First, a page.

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Combination Dupilumab, Topical Corticosteroids Treatment Demonstrated Efficacy in Children With AD


Dupilumab and topical corticosteroids can be used to treat symptoms in children with atopic dermatitis (AD).

The treatment combination of dupilumab and topical corticosteroids demonstrated significant efficacy in alleviating children with atopic dermatitis (AD) of clinical symptoms, according to a study published in Immunity, Inflammation, and Disease.

Since AD affects up to 20% of children worldwide, the researchers explained that a multistep strategy is needed to achieve the therapeutic goals of reducing pruritus and accomplishing disease control. The drugs primarily used to treat children with AD include topical emollients, glucocorticoids, calcineurin inhibitors, and oral antihistamines. They explained that, in particular, topical glucocorticoids are often the first-line treatment for children with AD, but long-term use of steroids over large areas of the skin can have adverse effects. Because of this, the researchers noted that another viable treatment option is needed.

A promising treatment that has emerged is dupilumab, a human immunoglobin G4 (IgG4) monoclonal antibody that blocks interleukin (IL)-4 and IL-13 signaling, which reduces the molecular mechanisms underlying type 2 inflammatory diseases. The researchers noted that multiple clinical trials have demonstrated the effectiveness of dupilumab plus topical corticosteroids in children with AD. Despite this, the evidence is not yet strong enough to make a solid judgment, as these clinical trials contained small sample sizes, variable results, and varied dosages. Because of this, they conducted a meta-analysis to evaluate the effectiveness of dupilumab plus topical corticosteroids in children with AD.

Child with atopic dermatitis (AD) | Image Credit: Марина Терехова - stock.adobe.com

Child with atopic dermatitis | Image Credit: Марина Терехова - stock.adobe.com

To do so, the researchers conducted a comprehensive literature search to identify relevant studies published between 2020 and 2022 within PubMed, Web of Science, and Embase by using keywords "dermatitis," "AD," "children," and "dupilumab" in conjunction with randomized controlled trials (RCTs).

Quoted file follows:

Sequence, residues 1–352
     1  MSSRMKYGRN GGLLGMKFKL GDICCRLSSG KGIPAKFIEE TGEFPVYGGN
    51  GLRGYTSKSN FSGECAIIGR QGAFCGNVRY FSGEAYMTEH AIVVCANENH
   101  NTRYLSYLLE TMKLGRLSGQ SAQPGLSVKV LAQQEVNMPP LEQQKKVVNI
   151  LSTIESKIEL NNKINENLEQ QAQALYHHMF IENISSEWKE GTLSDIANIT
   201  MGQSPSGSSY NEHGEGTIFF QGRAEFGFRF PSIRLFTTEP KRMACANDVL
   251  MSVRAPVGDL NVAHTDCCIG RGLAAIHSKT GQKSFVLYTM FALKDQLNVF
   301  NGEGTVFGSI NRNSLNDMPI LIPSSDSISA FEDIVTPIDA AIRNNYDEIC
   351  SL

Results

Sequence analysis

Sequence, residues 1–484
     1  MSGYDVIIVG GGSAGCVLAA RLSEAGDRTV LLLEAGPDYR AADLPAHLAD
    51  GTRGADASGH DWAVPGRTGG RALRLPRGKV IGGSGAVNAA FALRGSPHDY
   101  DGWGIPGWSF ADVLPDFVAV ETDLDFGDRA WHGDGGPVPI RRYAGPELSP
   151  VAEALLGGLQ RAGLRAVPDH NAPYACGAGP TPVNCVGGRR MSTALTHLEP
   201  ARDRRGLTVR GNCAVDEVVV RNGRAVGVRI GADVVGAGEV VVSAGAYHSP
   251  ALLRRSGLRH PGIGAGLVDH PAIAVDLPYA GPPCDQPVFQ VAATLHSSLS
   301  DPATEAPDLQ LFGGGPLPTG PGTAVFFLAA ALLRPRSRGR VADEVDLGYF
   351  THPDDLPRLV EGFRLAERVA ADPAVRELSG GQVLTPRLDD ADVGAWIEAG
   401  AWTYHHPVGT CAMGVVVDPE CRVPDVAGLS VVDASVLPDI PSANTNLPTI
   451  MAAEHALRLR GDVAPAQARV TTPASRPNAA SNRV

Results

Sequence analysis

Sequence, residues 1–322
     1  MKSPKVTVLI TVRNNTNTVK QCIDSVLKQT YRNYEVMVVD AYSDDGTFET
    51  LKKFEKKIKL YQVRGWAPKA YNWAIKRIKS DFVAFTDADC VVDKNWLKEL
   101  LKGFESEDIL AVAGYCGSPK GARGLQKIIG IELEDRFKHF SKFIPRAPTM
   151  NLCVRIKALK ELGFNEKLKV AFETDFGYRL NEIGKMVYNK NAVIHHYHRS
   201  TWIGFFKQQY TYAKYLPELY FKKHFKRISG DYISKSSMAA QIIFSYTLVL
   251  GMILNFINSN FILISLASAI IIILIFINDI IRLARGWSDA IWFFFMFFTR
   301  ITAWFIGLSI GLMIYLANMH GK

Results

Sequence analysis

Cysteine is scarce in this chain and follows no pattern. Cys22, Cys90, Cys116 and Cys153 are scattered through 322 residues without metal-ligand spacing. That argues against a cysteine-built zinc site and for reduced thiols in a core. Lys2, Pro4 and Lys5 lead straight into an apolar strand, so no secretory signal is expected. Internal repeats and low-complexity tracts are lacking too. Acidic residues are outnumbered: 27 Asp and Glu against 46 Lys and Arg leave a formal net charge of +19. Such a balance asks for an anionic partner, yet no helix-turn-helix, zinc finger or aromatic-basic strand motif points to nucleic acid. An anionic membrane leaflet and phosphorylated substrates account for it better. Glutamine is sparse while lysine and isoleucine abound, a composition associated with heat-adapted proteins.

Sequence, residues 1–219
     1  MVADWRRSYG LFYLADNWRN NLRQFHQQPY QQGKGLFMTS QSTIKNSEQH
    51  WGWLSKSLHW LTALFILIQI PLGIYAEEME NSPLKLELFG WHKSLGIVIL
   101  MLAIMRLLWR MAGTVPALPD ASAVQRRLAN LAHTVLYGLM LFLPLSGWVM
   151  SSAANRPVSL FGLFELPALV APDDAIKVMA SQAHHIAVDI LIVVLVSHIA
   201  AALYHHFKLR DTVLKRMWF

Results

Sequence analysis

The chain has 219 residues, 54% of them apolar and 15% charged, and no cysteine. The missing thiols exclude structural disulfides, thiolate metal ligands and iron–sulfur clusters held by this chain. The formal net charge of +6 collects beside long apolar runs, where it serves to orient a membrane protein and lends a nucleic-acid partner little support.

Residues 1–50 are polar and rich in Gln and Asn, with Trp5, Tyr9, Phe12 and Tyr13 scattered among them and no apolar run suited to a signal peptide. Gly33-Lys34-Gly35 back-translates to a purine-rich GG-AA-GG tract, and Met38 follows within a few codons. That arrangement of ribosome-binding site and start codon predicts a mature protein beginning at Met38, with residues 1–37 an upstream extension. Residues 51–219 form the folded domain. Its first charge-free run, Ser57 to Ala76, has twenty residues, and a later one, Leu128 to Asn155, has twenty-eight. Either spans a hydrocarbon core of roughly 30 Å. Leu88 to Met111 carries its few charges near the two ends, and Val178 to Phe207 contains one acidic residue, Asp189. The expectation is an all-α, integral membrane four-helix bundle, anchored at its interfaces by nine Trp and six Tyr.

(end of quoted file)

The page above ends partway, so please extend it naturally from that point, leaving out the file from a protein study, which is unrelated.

Eligible studies included those involving children younger than 12 years with moderate to severe AD who had an insufficient response to local treatment or were unsuitable for local treatment. In the studies considered for inclusion, dupilumab was used as the intervention therapy, while placebo or any other therapy could be used as the control therapy. Studies being considered also needed to report an improvement in at least 1 of the following outcomes: the Eczema Area and Severity Index (EASI-90), the Children’s Dermatology Life Quality Index (CDLQI), the EASI-75, and an the Investigator’s Global Assessment (IGA).

The researchers used the Cochrane Handbook for Systemic Reviews of Interventions Risk of Bias Tool to rate the RCTs as having either high, low, or unclear bias; a trial was rated as having a high risk of bias if any aspect of randomization or blinding was deemed high risk. It assessed various types of bias, including reporting, attrition, performance, and detection.

Their initial search yielded 380 publications, which the researchers narrowed down to 3 studies that contained 896 eligible participants. All 3 studies were published between 2020 and 2022 and were randomized, double-blind, and placebo/placebo plus topical corticosteroids controlled. Also, the researchers determined that all studies had a low risk of bias since they did not identify any factors causing bias, including any evidence of damage to data integrity or selective reporting.

According to the pooled data, treating children with AD using a combination of dupilumab and topical corticosteroids significantly increased the number of IGA responders compared with placebo (mean difference [MD], 3.88; 95% CI, 1.54-9.82; P = .004). Compared with the placebo, the pooled analysis also showed that treating children with AD with dupilumab plus topical corticosteroids considerably enhanced EASI-75 responders (MD, 3.42; 95% CI, 1.70-6.86; P = .0006), EASI-90 responders (MD, 5.67; 95% CI, 3.15-10.19; P < .00001), and EASI-50 responders (MD, 2.51; 95% CI, 1.51-4.18; P = .0004).

Lastly, 2 studies reported CDLQI results involving children with AD who received topical corticosteroids and dupilumab doses of 100/200 mg once every 2 weeks (Q2W) and 300 mg once every 4 weeks (Q4W). According to subgroup analyses of both those receiving doses of 100/200 mg Q2W (standard mean difference [SMD], −9.77; 95% CI, −17.55 to −2.00) and those receiving 300 mg Q4W (SMD, −10.48; 95% CI, −18.82 to−2.15; P = .01), dupilumab significantly reduced the change in CDLQI score vs other therapies.

The researchers acknowledged their study’s limitations, one being that most of the included trials were only 16 weeks long. Consequently, the trials were unable to demonstrate long-term efficacy. Also, they noted that potential language bias may exist as they only considered RCTs published in English. Because of these limitations, the researchers encouraged future research to build upon their findings.

“The aforementioned findings need to be validated by high-quality, large-sample, long-term clinical trials owing to sample size and follow-up time limits,” the authors concluded.


Wang L, Wang SN, Zhang RL. Efficacy of dupilumab plus topical corticosteroids in children with atopic dermatitis: a meta-analysis of randomized controlled trials. Immun Inflamm Dis. 2024;12(1):e1133. doi:10.1002/iid3.1133

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